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  • Mb-gateway

    I'd like to extend a ethernet connection over long distance (wired) 1200 ft. Would it work if I installed a converter like this on each end? Basically what I want to do is convert ethernet to rs-485 and then back to ethernet. Speed is not a factor.

  • #2
    Maybe, maybe not. Depends what type of traffic you are trying to send over the Ethernet. You will probably only be able to send PLC type data (modbus), not normal computer traffic. It will also be VERY slow. The best you could hope for is around 0.1mb/s, and that may need to be lowered to around 0.02 or 0.01mb/s. I know you said speed isnt a concern, but Im not sure if you realized just how slow of serial modbus communication would be compared to what Ethernet normally runs so I figured I would mention it.

    The best way to do it would be to use a fiber optic Ethernet cable. That will be more reliable over a long run than copper, and is rated to run miles and miles without issue. AD sells converters that take an Ethernet packet running over copper with electrical signals, and convert that to the exact same Ethernet packet but just running through a fiber optic cable with light pulses, and vise versa. This maintains full Ethernet compatibility as the data isnt being changed in any way, the medium over which it is being sent is the only thing that changes. Both computer data and industrial Ethernet data will travel properly over these cables.
    Get whichever you need for the type of connector on the fiber optic cable you use:

    There are other types of connectors, but Automation Direct doesnt sell them.

    Note that I have never actually bought anything from that website I linked for the fiber optic cable. You can try buying from there, but I was just showing an example of the cable you would need.
    Last edited by MikeN; 11-14-2018, 02:03 PM.


    • #3
      Thanks for your response MikeN, that is a good idea, but the cable is already in place underground (Cat5).


      • #4
        So, you have cat5 (not even cat5e?) already run the whole distance of 1200ft? And you want to simply run an RS-485 modbus signal on that wire and convert it to Ethernet packets at both ends?

        I doubt that will work. Serial Modbus needs to have impedance set properly or reflections cause all sorts of communication problems. The issue gets worse the longer the distance is, and Ethernet cable does not have the proper impedance for modbus. If the distance was shorter, say 100-200ft, then it would probably work ok. But 1200ft? Thats asking for problems IMO.

        What was this cable used for in the past? Seems weird for an Ethernet cable to be run for that distance when copper Ethernet spec cannot even come close to supporting that.


        • #5
          Its intended purpose was for a phone system which is in place, but there are a couple of unused pairs available.........I guess a wireless bridge would be the most logical solution.


          • #6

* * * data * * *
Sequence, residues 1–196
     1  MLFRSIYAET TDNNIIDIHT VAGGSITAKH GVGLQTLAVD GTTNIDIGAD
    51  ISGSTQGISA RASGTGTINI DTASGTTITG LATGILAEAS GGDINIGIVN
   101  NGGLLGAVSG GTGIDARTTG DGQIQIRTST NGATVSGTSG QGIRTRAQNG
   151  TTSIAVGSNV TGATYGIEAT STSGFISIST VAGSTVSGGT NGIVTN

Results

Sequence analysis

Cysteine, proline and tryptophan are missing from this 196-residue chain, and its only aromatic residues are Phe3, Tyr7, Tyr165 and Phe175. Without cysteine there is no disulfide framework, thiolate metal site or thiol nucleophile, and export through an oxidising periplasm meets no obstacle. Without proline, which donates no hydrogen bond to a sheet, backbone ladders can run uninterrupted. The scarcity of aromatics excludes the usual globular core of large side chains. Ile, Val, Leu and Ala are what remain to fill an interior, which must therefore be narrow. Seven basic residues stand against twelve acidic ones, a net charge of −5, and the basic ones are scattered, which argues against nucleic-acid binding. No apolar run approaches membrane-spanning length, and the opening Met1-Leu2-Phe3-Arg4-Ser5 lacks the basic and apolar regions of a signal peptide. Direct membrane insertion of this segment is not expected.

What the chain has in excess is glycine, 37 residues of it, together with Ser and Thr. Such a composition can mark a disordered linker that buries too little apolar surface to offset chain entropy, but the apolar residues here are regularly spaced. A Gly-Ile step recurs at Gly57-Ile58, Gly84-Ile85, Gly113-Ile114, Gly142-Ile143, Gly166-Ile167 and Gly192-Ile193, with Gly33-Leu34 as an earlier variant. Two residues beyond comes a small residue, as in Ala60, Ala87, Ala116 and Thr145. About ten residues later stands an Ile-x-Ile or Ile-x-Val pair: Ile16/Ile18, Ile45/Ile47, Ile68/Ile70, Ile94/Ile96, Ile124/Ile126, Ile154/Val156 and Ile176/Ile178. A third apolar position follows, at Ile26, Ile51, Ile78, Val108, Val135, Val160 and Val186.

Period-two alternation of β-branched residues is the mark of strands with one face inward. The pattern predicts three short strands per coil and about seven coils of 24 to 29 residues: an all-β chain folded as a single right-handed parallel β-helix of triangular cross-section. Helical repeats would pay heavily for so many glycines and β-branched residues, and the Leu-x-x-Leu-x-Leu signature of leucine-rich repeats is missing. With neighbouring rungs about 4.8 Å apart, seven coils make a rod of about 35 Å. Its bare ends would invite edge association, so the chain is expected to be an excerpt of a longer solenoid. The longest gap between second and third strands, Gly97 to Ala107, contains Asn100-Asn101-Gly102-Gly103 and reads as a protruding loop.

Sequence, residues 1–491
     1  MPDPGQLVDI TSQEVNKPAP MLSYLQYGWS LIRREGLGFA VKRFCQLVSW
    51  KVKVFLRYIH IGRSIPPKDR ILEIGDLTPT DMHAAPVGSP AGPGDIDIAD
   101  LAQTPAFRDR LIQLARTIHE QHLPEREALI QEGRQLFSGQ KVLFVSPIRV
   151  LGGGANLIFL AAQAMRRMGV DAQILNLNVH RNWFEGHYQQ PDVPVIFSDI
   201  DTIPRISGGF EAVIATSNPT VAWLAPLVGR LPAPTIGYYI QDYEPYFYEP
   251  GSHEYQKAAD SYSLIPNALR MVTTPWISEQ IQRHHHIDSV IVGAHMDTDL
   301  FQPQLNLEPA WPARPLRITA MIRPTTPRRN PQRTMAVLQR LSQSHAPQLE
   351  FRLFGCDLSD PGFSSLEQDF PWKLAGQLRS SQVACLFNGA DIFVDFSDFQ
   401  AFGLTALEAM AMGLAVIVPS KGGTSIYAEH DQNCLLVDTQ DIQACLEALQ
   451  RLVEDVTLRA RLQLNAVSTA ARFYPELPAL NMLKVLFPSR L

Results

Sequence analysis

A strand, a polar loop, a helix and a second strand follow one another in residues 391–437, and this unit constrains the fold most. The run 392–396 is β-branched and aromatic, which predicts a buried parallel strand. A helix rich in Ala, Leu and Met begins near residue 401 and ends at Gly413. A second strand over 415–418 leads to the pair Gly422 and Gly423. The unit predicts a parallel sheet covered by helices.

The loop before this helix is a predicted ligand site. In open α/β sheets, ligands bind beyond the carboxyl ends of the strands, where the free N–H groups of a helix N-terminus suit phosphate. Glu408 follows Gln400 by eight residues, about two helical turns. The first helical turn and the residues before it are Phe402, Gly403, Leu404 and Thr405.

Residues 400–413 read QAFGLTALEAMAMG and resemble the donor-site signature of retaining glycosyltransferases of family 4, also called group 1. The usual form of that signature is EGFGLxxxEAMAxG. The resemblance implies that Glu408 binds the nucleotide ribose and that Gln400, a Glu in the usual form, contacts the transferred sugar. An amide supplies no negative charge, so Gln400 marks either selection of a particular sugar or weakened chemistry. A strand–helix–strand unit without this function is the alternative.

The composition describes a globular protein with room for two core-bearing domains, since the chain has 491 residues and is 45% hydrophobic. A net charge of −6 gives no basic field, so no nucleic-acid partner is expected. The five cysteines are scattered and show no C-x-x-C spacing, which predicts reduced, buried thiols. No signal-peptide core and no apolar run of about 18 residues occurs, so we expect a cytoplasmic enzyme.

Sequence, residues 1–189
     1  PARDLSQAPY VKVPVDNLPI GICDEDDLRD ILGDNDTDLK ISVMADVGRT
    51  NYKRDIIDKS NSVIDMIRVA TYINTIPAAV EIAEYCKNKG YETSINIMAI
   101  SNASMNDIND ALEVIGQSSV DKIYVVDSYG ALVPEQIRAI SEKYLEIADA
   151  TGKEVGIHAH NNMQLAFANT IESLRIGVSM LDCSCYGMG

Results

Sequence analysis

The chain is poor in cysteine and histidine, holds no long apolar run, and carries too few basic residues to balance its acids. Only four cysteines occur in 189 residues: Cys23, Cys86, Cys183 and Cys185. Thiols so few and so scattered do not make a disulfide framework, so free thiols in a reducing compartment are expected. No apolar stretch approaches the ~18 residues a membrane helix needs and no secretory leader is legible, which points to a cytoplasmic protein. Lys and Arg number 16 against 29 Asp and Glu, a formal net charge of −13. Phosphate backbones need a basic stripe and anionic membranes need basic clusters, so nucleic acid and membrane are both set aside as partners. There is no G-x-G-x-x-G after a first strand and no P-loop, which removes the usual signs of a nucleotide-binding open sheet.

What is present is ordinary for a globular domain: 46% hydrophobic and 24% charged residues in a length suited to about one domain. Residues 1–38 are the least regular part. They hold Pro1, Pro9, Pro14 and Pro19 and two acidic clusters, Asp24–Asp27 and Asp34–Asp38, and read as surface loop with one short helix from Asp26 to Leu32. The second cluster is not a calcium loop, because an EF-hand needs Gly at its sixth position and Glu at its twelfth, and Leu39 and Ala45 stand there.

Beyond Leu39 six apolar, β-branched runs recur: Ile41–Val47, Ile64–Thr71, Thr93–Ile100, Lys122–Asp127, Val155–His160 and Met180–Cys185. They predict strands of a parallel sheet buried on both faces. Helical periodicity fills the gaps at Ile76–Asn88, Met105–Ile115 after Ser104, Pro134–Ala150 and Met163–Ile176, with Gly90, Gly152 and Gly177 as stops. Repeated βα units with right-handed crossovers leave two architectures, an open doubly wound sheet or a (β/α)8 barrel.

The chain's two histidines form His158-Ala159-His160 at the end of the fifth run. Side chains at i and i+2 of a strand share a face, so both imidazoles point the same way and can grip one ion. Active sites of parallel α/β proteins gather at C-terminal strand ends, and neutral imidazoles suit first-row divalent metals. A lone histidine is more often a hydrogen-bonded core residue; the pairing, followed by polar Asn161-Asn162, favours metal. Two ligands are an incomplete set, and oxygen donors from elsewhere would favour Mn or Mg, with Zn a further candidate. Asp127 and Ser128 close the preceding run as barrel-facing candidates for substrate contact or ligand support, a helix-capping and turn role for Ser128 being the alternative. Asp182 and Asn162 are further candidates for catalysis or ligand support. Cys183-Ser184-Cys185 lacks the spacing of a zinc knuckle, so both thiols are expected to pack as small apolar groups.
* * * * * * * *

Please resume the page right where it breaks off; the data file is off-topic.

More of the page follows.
Originally posted by pbw View Post
            Its intended purpose was for a phone system which is in place, but there are a couple of unused pairs available.........I guess a wireless bridge would be the most logical solution.
            If you have line of sight that would be a great solution. You can use something like this to do what you need:

            Having half of the 4 pairs of wires available used for phones complicates this even more. That will further be a limiting factor for trying to use the wire as analog phone systems running through these wires have voltage ranging anywhere from 48 to 105 volts DC (usually closer to 48v). When a phone is ringing, 90 volts AC is also on the same lines. Cat 5 is not shielded and not optimized well for preventing crosstalk, so you will have some voltage bleed over from the wires running 1200ft parallel to each other. This will cause even more signal issues. Honestly any time a phone rings I would expect all your modbus communication through this cable to drop out from interference. I really dont think you should think about using this cable for anything else other than the phone system it currently runs. You either need to use the wireless option like you are thinking now, or run a new cable alongside this existing one. Preferably in fiber optic so the length isnt an issue and interference from the wire running next to it wont be an issue.
            Last edited by MikeN; 11-14-2018, 02:04 PM.


            • #7
              +1 for the NanoStations. We have several of them in the field for inter-PLC communications and have had no trouble out of them with the exception of one that moved out of place in a storm. I would not use them for I/O control, but for messaging between processors and even remote HMI they have been fine.


              • #8
                Thanks for your help, I will look into into it.


                • #9
                  There are also Ethernet range extenders that will work on copper for over a mile. Google "ethernet range extender" there are a lot of them out there. But we have used a lot of the Ubiquiti radios (NanoStations, Rockets, etc) and they work great if you have line of sight.

                  Last edited by jwbaker3; 11-13-2018, 10:22 AM.


                  • #10
                    I have an Ethernet to serial interface ( rs232/485), connected to a switch which exits to wifi via a range extender. Also the click Ethernet plc is tied to the switch. I connect from laptop to plc via wifi and the rs485 modbus devices I can access from plc over the interface.
                    i believe rs485 would work at 1000ft, you need to check the hardware specs.